Looking for a cheap wireless router in Japan that also supports English operation? Many Japanese brands will not have built-in English support, even though some of these routers are sold worldwide. Don’t expect routers from Buffalo, Logitec, or NEC to support English, although the ones from Buffalo might do so with a firmware flash.

To get a router with English support, it’s possible to import one from another country, but it can be costly and there might be some import taxes applicable. The easiest solution is to buy a native router, and Planex is one company that has good, cheap, and English-supporting products.

While the latest 802.11ac format is out, most of the world still uses 802.11n, a format that combines the 5GHz and 2.4GHz bands for improved performance. It is important, therefore, to find a router that supports dual band operations, and if possible, to have multiple antennas for each band.

Unfortunately, Planex does not have multiple antenna support, but its routers are extremely compact and inexpensive, making them a good choice for small apartments or traveling. My recommendation is the MF-300D, with a double antenna configuration for dual band operation. It can be found at Amazon Japan for less than 3000 yen, in both Amazon’s Frustration-Free Packaging or retail boxes (the FFP format may be cheaper). Credits to プラネックスを使ってみた for the router information.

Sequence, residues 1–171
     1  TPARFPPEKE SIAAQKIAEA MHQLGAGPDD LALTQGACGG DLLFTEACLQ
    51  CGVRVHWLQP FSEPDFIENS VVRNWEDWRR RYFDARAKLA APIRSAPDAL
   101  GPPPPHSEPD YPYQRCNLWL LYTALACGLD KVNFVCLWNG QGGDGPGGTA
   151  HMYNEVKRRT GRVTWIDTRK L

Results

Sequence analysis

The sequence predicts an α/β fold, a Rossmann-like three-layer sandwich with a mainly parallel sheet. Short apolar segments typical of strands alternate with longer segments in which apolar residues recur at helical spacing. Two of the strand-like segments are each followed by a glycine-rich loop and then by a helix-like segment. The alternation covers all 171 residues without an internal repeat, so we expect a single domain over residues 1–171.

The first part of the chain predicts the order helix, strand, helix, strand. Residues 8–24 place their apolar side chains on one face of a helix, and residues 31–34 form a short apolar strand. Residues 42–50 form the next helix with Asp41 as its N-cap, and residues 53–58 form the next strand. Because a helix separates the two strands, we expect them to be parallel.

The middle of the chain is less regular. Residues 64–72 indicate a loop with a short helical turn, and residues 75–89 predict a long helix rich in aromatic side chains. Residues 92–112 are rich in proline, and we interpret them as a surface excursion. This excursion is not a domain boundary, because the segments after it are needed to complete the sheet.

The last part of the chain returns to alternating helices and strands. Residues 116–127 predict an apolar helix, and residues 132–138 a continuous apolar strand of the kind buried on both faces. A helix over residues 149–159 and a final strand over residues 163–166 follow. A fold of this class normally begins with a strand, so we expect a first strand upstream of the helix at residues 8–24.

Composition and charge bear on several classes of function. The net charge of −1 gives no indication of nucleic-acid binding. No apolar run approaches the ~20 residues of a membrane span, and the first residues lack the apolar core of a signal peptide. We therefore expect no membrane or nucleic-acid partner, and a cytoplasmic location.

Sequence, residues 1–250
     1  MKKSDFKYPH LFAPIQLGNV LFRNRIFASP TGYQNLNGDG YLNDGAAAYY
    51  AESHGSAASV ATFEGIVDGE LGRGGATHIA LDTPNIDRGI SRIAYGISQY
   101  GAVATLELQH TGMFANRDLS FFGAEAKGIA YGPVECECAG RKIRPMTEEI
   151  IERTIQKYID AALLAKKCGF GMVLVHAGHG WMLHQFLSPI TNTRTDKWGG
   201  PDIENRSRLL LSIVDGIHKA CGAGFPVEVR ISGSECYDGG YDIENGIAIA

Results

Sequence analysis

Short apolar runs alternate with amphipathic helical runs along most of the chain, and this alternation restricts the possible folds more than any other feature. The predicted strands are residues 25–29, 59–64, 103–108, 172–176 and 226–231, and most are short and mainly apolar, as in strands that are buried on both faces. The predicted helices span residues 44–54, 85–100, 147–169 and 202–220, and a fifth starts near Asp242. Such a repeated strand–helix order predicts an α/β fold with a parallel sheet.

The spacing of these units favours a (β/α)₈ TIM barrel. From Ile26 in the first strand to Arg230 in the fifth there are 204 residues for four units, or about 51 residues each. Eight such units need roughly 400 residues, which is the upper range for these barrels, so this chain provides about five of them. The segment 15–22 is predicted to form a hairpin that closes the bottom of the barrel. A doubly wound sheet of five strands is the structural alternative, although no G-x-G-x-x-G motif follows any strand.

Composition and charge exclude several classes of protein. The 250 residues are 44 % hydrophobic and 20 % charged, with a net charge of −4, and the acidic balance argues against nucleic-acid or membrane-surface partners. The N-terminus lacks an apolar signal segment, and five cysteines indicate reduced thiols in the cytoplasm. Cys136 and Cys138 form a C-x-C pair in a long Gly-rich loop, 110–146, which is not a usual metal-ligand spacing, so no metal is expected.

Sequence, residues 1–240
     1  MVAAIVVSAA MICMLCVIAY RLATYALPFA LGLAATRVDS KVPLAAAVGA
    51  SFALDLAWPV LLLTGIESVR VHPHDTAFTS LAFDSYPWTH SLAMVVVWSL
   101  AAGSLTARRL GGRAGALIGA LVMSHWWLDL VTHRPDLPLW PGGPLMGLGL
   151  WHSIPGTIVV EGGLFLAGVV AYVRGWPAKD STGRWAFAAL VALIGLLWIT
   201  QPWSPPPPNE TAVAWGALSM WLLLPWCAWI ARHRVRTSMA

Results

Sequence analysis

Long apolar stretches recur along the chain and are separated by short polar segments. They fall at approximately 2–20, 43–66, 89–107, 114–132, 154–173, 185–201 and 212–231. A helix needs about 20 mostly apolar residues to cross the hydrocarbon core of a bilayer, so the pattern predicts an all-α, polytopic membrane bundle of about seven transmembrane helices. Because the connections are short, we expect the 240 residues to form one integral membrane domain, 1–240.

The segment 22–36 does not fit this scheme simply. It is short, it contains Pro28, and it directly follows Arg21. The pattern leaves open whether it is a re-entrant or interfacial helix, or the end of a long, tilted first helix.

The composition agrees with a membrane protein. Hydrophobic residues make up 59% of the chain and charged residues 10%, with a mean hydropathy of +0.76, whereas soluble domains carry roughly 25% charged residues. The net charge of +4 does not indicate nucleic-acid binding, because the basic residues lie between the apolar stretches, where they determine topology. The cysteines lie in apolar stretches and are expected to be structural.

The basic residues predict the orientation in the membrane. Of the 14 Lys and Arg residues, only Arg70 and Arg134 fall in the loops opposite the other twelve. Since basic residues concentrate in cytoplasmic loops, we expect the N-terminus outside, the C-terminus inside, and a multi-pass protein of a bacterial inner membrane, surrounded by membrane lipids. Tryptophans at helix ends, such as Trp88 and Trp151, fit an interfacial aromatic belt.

User Experience and Review

Previously, I used a D-Link DGL-4300 802.11g router, which is a full-featured, last generation product. Main selling points about this router are the high-performance processor and GameFuel traffic prioritization technology, which may be standard on newer, higher performing routers.

The Planex MF-300D, on the other hand, is not a high-performance router. The interface can be a little confusing, with each antenna (5GHz and 2.4GHz) having a separate access point name and password. There is a virtual access point option (created by default) which also has AP names and passwords for each antenna. There is also no traffic prioritization technology nor support for more than 2 ethernet clients, although the basic NAT and SPI firewall features are available. It is, however, an IPv6 compatible router, whereas the DGL-4300 is not.